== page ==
Rhode Island Hospital recruits for innovative Alzheimer’s clinical trial

Rhode Island Hospital is enrolling for an innovative Alzheimer’s clinical trial called the ExosomeAD study.

Exosomes are tiny structures found in cells throughout our body, that when looked at closely, seem to signal changes in the brain. What’s more is–if this all pans out–this could be a non-invasive, cost effective way to diagnose this memory robbing disease.

“These float all around the body, through the blood and the saliva,” said Dr. Jonathan Drake, the associate director of the Alzheimer’s Disease and Memory Disorders Center at Rhode Island Hospital.

He thinks these exosomes hold clues about what’s going on inside our brain. He said this all started with a small pilot study.

“Where we took people who had normal cognitive function and we compared them with, on the other end of the spectrum, Alzheimer’s disease,” said Drake.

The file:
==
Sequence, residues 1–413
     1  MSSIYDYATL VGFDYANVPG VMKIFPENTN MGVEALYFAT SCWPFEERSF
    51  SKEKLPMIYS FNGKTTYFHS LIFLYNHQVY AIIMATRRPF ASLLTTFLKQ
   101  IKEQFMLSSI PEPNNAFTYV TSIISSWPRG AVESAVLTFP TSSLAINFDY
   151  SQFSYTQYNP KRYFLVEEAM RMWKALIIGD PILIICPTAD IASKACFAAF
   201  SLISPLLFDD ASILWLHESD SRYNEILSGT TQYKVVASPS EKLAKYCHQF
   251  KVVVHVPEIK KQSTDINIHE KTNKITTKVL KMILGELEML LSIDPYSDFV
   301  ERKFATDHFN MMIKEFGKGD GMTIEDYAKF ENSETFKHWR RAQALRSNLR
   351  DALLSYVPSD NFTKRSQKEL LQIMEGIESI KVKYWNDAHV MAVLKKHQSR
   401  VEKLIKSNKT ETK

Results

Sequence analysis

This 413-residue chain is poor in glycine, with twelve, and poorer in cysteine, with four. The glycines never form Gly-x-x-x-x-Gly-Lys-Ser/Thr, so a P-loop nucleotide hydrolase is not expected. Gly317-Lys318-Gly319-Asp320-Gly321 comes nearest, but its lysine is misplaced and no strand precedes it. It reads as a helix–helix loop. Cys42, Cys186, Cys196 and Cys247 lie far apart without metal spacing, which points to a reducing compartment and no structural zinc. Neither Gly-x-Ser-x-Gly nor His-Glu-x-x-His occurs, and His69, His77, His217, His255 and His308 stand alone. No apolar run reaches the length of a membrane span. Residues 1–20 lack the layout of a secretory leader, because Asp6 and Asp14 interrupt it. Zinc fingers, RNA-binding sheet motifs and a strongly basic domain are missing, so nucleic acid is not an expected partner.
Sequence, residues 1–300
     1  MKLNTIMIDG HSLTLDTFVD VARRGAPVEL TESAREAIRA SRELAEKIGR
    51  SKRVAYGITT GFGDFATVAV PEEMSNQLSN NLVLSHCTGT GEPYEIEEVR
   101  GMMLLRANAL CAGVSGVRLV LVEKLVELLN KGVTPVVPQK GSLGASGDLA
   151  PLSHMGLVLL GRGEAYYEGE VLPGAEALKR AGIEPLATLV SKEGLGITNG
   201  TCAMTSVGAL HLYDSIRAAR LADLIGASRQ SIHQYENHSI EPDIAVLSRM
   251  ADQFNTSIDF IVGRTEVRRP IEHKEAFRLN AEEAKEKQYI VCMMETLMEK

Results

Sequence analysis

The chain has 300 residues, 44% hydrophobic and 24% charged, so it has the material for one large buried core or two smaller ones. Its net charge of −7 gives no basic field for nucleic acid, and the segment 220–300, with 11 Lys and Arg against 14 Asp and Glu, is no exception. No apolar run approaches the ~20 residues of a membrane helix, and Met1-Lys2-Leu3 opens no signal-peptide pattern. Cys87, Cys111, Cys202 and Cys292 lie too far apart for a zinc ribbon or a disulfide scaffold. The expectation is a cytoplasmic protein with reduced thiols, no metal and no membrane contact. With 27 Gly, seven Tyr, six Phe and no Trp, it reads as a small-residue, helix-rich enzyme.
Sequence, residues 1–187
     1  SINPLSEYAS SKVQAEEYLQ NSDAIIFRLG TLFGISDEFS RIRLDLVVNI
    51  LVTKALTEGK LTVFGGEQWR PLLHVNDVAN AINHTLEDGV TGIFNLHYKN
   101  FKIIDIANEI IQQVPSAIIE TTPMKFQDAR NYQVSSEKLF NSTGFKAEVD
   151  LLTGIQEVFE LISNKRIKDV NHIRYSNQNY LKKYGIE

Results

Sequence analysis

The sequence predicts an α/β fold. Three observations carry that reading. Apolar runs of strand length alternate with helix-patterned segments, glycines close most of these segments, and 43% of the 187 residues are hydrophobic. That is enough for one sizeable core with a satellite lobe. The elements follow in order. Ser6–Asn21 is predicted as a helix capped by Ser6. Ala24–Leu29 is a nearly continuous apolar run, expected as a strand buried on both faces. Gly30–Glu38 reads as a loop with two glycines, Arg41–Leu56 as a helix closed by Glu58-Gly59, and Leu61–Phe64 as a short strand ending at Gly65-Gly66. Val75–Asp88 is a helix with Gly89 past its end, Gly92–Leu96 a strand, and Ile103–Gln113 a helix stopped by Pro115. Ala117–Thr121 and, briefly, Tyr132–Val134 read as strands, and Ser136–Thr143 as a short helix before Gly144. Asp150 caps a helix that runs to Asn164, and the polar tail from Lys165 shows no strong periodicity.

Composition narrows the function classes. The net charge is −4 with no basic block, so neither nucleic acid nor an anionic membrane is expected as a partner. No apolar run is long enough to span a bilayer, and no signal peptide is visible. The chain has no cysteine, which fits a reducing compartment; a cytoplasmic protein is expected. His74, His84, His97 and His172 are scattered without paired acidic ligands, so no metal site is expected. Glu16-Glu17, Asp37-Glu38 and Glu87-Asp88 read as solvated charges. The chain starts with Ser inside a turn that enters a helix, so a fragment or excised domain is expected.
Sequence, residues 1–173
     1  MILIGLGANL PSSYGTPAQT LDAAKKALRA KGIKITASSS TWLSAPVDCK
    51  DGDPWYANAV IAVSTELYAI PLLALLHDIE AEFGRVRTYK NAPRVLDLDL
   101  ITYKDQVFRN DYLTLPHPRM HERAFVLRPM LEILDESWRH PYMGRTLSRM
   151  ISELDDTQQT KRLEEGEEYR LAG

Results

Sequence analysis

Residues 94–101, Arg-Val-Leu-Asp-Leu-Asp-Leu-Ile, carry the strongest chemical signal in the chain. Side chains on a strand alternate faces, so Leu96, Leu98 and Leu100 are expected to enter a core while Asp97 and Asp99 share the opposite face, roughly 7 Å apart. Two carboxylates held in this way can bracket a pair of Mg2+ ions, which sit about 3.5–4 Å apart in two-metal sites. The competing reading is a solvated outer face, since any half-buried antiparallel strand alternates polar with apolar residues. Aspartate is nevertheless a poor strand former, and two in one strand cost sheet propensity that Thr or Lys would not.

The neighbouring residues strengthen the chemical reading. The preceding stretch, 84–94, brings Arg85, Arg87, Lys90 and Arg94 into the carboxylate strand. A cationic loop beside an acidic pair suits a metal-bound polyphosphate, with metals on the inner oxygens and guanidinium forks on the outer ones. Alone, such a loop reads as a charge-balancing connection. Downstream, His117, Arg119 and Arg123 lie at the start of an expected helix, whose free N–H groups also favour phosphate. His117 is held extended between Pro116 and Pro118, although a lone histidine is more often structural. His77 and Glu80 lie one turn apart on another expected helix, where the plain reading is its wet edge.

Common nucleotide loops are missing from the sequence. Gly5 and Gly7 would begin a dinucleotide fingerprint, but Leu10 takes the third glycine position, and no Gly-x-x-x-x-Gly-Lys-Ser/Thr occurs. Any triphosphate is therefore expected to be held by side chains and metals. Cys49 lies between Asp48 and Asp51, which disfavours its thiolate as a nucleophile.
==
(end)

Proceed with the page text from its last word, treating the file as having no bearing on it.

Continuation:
They also included a group with mild cognitive impairment.

“And what we saw really that was intriguing was that the test was able to tell the difference between those three groups,” said Drake.

The National Institutes of Health was impressed too, now funding a larger study out of Rhode Island Hospital involving the collection of saliva and blood samples from participants and comparing the two.

“The brain-derived exosomes are at higher concentration in the saliva, so we’d hope to get a stronger signal than we would in the blood,” said Drake.

Along with saliva and blood samples, there will be cognitive testing for most participants.

“We are comparing what this test can show us in Alzheimer’s with what we see with people with other neurodegenerative things like frontotemporal dementia, Lewy body disease, dementia due to Parkinson’s and ALS or Lou Gehrig’s,” said Drake. “The study design is really strong to see can we pick up the signal on Alzheimer’s, can it tell us the difference between you know mild dementia due to Alzheimer’s in people who have earlier stages and can it tell the difference between Alzheimer’s and other neurodegenerative disorders.”

This five-year long study is recruiting people 65 and older.

They are looking for 150 people with normal memory and the rest with impaired cognition in varying degrees.

If you’re interested, call 401-444-0085.


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